Today in irony, I’d like to introduce you to House Bill 2349. Presented by Sally Kern, it will beef up mandatory fines and sentences for any person convicted of “obscenity.” Yes, you read that right. Sally Kern, the lady who makes her mark by offending gays, women, minorities and just about everyone else, wants to toughen up obscenity laws.
One Oklahoma lawmaker is pushing to strengthen punishment for anyone convicted of obscenity and in the process has shed some light on the wording of laws involving such crimes.
We’re talking about House Bill 2349.
Sometimes things we get in the mail can make us blush but what exactly is too hot to handle?
One Oklahoma lawmaker wants to strengthen an Oklahoma law that basically says no one can publish anything that is obscene.
But what is considered obscene?
“It is patently offensive to the average person. It has a theme of interest in lewd sex and then to the average person has no literary, artistic or scientific value or purpose,” Kern said.
If obscenity is something that’s “patently offensive to the average person,” does that mean Sally Kern could go to jail for her hair cut, or would they arrest the barber from Bethany who gave it to her? Maybe both? Seriously, it’s a legitimate question. Who’s charged with obscenity in these cases? Is it the person who publishes the A&F catalog or the weirdo without Internet access who masturbates to it once it arrives in the mail?
Fortunately, KFOR went to a legal analyst who knows a thing or two about obscenity laws and/or masturbation:
Attorney David Slane argues cases like this all of the time.
One you might remember involved a former Oklahoma City Police officer by the name of Maurice Martinez.
One of his many charges included possessions of obscene material.
“Say you were to receive a brown paper package in the mail and you can tell this is probably obscene material, my guess is you’d probably throw it away, but lets say you didn’t lets say you opened it and looked at it. Have you committed a crime? No.”
But according to the law, whoever posted it online or sent it in the mail could be committing a crime, especially if it carries a generic label like “current resident” as many catalogs do.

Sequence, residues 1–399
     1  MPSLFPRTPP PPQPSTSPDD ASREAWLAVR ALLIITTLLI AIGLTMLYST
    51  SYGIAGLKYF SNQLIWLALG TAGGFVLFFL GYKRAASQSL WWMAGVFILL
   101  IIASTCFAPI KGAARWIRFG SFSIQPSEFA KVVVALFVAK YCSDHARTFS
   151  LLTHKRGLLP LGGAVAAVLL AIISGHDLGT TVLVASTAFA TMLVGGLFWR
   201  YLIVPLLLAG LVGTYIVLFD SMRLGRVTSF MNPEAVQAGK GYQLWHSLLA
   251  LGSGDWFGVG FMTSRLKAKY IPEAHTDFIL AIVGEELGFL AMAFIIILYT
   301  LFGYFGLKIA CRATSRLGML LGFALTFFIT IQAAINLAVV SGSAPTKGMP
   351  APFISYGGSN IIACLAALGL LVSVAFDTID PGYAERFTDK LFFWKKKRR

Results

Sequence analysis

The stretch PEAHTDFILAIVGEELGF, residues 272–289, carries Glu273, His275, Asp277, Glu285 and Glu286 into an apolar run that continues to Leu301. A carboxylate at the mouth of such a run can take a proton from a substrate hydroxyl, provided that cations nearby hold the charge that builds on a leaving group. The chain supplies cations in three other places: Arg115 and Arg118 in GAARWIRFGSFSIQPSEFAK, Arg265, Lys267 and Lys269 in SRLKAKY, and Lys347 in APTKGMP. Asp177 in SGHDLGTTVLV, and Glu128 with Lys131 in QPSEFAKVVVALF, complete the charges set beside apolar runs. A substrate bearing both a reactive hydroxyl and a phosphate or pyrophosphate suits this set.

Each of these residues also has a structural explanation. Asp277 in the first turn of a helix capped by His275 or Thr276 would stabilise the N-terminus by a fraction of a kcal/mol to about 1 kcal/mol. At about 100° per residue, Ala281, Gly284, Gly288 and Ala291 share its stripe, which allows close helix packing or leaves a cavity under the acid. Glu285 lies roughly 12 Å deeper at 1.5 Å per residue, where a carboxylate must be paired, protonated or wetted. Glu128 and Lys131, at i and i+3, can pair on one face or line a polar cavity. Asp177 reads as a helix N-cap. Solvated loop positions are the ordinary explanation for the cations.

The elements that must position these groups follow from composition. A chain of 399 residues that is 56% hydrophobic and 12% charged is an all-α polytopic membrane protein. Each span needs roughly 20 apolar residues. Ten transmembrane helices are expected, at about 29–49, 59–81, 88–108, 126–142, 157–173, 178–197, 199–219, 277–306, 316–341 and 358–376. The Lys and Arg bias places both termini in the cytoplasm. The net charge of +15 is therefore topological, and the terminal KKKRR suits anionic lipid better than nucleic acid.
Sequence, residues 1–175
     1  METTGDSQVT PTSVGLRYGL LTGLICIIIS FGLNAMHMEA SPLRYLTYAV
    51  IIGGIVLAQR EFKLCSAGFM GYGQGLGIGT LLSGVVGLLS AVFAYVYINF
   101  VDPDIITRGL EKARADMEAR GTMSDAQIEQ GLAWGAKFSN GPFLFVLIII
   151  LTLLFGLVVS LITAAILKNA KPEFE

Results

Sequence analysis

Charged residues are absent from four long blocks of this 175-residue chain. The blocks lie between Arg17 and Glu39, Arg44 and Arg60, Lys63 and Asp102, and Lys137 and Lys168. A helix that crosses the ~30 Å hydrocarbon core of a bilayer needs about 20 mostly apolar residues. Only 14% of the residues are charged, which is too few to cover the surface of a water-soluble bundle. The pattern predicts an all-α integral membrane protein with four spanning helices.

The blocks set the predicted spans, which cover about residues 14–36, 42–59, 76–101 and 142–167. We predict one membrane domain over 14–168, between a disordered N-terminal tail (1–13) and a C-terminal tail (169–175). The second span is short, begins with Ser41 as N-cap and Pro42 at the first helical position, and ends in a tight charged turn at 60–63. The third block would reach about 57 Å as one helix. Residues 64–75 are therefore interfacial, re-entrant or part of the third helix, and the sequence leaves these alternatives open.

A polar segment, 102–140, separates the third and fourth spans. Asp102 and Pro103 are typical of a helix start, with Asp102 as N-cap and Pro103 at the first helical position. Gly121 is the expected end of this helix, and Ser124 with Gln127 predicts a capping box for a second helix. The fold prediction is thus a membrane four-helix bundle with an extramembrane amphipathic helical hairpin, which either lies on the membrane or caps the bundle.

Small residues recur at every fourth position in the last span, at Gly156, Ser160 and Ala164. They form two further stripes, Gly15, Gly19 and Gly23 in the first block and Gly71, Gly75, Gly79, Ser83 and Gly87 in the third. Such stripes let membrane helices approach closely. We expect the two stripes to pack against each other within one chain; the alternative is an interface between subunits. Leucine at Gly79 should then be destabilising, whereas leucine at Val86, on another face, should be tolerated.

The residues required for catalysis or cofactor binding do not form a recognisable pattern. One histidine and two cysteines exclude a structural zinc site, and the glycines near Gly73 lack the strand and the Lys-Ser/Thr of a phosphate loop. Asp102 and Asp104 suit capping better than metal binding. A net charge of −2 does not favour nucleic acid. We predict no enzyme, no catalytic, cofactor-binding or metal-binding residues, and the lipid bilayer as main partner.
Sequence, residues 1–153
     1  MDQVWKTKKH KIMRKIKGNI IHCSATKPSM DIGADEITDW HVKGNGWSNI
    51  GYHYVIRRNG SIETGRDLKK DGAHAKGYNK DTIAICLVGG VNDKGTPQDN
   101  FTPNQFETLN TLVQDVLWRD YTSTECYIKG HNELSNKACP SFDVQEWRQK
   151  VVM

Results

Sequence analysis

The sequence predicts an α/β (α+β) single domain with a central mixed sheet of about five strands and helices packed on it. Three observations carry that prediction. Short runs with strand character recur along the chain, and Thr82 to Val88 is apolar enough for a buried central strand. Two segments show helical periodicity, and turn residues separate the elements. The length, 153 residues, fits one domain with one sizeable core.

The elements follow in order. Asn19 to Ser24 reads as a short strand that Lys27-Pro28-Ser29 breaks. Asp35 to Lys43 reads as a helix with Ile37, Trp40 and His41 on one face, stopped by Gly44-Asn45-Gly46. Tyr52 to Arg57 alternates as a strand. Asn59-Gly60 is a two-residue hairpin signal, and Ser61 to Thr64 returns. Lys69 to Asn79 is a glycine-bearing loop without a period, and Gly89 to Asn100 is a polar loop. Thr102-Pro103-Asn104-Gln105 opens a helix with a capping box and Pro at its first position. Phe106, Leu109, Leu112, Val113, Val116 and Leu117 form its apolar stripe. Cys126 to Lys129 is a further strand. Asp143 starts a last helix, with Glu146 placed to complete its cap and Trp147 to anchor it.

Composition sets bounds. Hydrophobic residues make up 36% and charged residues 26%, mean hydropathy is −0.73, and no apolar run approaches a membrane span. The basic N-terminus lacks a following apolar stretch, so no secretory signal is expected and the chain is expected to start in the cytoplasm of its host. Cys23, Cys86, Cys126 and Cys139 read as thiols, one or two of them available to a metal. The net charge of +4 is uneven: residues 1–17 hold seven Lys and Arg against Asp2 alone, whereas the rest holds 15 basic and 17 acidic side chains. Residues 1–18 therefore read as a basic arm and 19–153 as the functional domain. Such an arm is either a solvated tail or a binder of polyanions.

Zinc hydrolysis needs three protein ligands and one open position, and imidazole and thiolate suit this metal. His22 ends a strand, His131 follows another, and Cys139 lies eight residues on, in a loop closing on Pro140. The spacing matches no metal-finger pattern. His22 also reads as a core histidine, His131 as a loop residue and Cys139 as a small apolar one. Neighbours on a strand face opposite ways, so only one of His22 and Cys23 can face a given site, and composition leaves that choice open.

“I think something like a Victoria’s Secret magazine or something on Facebook posting because you distribute it to others when you send it could become something that a person could be prosecuted,” Slane said.
Slane said while Kern’s intentions are good because it draws attention to a law that may be so unconstitutionally vague, it won’t hold up in court.
He said it will ultimately waste tax payer dollars to defend it.
Thanks for playing along with the irony game, KFOR. Maybe the next time you get criminal defense attorney David Slane on camera you should sneak in a question about the trip to Peru where he and a couple of buddies rescued a village from snakes and floods and did not visit underage prostitutes. Remember that one?
Anyway, the only positive thing about this proposed law is that it might cut down on pornographic junk mail I never receive. I guess that would save a tree or two. Actually, we should just get the word out that strengthening “obscenity” laws is good for the environment. That will change Sally’s mind.
Also, instead of calling this legislation House Bill 2349, can we give it a cool name? Maybe “The Sally Kern Vagina Anti-Obscenity Act.” An offensive bill definitely deserves an offensive name, right? We should call it that at least until it passes and is signed-in to law by the Governor. Then we’ll go back to calling it HB 2349. It’s not worth all of us going to jail over it.
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